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Mechanisms of Osteoarthritis from Animal Models | OMICS International
Journal of Osteoarthritis

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Mechanisms of Osteoarthritis from Animal Models

Hiroshi Kawaguchi*

Spine Center, Japan Community Health Care Organization (JCHO), Japan

*Corresponding Author:
Hiroshi Kawaguchi
Spine Center
Japan Community Health Care Organization (JCHO), Japan
Tel: 03-3269-8111
Fax: 03-3260-7840

Received date: November 17, 2015; Accepted date: December 21, 2015; Published date: January 19, 2016

Citation: Hiroshi Kawaguchi (2016) Mechanisms of Osteoarthritis from Animal Models. J Ost Arth 1:101. doi: 10.4172/joas.1000101

Copyright: © 2016 Kawaguchi H. This is an open-access article distributed under the terms of the Creative Commons Attribution License, which permits unrestricted use, distribution, and reproduction in any medium, provided the original author and source are credited.

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Osteoarthritis (OA), one of the most common skeletal disorders characterized by cartilage degradation and osteophyte formation in joints, is induced by accumulated mechanical stress; however, little is known about the underlying molecular mechanism. Several experimental OA models in mice by producing instability in the knee joints have been developed to apply approaches from mouse genetics. Although proteinases like matrix metalloproteases and aggrecanases have now been proven to be the principal initiators of OA progression, clinical trials of proteinase inhibitors have not been successful for the treatment, turning the interest of researchers to the upstream signals of proteinase induction. These signals include undegraded and fragmented matrix proteins like type II collagen or fibronection that affects chondrocytes through distinct receptors. Another signal is pro-inflammatory factors that are produced by chondrocytes and synovial cells; however, recent studies that used mouse OA models in knockout mice did not support that these factors have a role in the central contribution to OA development. Our mouse genetic approaches found that the induction of a transcriptional activator Runx2 in chondrocytes under mechanical stress contributes to the pathogenesis of OA through chondrocyte hypertrophy. In addition, chondrocyte apoptosis has recently been identified as being involved in OA progression. We hereby propose that these endochondral ossification signals may be important for the OA progression, suggesting that the related molecules can clinically be therapeutic targets of this disease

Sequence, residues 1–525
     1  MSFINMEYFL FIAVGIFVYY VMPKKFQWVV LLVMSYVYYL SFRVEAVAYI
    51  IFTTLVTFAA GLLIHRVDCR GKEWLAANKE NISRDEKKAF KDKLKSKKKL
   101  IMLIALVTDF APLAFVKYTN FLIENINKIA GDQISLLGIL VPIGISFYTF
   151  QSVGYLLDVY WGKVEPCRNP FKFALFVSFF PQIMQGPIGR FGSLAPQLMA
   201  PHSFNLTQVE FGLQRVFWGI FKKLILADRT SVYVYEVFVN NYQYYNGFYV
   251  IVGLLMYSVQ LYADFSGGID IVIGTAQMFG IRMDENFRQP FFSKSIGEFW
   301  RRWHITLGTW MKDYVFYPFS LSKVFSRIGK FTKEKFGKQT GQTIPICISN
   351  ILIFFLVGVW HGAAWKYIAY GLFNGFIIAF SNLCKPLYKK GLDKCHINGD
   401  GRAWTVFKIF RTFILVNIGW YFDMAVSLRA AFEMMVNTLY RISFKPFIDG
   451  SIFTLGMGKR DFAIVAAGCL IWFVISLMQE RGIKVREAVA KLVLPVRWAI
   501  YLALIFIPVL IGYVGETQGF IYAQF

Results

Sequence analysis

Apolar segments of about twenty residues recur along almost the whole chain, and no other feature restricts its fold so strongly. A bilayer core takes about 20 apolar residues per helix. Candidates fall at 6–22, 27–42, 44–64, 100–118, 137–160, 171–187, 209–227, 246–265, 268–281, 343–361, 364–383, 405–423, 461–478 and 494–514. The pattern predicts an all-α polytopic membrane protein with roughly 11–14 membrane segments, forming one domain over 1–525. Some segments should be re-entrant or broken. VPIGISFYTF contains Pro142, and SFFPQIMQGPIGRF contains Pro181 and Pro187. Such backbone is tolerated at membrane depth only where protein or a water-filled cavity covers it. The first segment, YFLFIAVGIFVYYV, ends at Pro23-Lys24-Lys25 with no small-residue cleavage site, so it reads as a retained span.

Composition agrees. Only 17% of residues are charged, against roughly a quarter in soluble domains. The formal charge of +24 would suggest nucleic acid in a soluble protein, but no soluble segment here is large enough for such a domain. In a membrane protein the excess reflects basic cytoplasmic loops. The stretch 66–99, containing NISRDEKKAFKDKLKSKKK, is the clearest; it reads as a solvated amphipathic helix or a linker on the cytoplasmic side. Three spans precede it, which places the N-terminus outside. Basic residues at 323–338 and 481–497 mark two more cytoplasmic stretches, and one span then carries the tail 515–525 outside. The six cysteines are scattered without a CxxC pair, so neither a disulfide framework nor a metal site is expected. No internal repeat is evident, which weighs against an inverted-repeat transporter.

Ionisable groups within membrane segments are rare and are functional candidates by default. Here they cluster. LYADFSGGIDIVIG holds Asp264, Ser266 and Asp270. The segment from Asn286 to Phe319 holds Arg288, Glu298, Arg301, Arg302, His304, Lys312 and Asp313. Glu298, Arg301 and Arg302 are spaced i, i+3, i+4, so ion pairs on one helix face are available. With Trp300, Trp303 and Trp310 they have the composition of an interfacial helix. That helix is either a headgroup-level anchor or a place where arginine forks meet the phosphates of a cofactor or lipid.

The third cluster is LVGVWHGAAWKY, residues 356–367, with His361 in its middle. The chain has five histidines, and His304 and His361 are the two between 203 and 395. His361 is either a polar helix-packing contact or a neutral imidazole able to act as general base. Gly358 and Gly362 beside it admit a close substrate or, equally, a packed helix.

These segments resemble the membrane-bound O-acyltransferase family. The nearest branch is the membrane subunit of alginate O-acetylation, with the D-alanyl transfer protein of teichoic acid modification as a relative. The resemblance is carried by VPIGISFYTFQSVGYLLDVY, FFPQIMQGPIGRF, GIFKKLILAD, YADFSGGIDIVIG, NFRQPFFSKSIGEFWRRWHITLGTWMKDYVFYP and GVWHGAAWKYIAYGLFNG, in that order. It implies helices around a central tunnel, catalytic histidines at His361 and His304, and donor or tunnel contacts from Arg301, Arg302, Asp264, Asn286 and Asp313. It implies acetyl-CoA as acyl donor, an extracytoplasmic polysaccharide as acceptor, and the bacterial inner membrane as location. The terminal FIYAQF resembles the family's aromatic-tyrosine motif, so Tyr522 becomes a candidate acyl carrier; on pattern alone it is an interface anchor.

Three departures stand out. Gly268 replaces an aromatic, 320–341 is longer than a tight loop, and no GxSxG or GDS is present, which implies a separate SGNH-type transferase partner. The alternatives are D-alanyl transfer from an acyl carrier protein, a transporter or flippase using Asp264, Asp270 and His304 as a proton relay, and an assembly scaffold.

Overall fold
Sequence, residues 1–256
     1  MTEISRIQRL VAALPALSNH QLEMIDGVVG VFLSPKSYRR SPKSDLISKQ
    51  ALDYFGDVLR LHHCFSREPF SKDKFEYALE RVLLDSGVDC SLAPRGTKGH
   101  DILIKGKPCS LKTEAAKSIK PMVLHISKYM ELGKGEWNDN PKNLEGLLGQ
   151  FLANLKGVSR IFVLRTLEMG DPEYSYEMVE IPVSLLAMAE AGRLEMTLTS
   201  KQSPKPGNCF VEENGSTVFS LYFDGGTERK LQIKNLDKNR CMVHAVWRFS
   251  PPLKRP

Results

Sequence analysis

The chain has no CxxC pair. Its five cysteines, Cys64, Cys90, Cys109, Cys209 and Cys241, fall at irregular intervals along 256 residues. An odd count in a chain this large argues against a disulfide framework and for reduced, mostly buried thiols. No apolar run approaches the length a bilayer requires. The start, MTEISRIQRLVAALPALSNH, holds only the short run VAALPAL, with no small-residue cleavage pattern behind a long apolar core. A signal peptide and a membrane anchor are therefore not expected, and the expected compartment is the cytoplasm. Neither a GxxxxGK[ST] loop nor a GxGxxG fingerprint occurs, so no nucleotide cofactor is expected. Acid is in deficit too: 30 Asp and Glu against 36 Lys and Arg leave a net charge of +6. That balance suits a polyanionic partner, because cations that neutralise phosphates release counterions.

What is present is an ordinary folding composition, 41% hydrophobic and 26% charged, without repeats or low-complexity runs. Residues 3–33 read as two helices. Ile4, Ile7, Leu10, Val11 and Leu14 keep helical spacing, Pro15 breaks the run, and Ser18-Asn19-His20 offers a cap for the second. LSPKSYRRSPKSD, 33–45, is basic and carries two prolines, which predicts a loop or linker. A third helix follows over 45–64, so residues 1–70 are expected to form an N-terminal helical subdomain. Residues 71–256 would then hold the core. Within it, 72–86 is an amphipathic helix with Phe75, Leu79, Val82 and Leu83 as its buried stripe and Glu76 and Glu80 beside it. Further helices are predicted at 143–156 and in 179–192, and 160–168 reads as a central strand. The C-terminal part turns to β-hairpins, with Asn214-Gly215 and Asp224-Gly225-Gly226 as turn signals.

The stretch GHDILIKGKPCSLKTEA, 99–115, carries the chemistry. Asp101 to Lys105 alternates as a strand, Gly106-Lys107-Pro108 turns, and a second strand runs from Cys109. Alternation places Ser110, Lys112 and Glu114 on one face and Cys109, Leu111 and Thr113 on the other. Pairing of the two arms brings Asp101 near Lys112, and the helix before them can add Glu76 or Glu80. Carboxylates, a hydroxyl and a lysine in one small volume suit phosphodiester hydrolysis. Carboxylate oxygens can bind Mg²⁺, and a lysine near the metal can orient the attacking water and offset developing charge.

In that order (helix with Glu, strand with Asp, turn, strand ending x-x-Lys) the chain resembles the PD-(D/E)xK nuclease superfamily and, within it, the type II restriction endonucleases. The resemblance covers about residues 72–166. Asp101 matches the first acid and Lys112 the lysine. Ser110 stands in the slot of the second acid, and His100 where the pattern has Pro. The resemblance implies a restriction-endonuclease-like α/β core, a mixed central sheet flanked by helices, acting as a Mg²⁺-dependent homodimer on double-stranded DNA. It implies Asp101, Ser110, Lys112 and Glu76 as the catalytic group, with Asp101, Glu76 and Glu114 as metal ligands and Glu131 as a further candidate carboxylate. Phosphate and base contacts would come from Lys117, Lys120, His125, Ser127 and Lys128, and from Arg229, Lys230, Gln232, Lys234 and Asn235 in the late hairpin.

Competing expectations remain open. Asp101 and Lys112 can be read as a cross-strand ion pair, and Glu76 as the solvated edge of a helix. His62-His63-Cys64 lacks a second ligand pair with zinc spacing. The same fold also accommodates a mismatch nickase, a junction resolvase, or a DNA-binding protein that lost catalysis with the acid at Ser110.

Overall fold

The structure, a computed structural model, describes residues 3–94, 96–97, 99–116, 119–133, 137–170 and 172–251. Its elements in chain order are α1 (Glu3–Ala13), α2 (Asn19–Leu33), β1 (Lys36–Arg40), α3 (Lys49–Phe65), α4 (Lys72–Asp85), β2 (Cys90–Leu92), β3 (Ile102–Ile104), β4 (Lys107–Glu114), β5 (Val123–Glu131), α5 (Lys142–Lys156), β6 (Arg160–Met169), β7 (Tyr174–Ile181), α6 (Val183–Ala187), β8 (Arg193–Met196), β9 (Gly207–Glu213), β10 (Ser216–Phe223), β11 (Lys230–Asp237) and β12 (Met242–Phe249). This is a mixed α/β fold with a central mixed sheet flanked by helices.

Osteoarthritis; Chondrocytes; Hypertrophy; Apoptosis; Endochondral ossification; Cartilage

Osteoarthritis (OA) and the experimental mouse models

Osteoarthritis (OA), which affects all joints of the body, is characterized by two aspects: one is cartilage degradation shown as a joint space narrowing on radiographs, and the other is osteophyte formation at the edge of the joints (Figure 1). Despite significant social demand for more information, risk factors of this disease identified by epidemiologic studies have to date been limited to age, obesity, trauma history, occupation, and gender [1]. These factors are closely related to the accumulation of mechanical stress to joints.